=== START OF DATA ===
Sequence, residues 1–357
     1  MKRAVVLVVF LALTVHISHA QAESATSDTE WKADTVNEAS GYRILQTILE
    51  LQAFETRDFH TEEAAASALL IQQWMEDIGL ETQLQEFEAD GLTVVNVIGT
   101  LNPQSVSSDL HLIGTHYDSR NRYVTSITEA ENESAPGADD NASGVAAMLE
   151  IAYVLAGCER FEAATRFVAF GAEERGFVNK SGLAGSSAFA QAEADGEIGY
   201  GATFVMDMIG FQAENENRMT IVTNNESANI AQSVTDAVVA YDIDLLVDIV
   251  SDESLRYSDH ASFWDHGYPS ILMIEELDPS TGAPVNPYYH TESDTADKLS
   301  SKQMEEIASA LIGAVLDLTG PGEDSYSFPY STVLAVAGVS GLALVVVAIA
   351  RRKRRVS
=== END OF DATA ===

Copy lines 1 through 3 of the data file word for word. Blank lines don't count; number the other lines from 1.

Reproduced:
Sequence, residues 1–357
     1  MKRAVVLVVF LALTVHISHA QAESATSDTE WKADTVNEAS GYRILQTILE
    51  LQAFETRDFH TEEAAASALL IQQWMEDIGL ETQLQEFEAD GLTVVNVIGT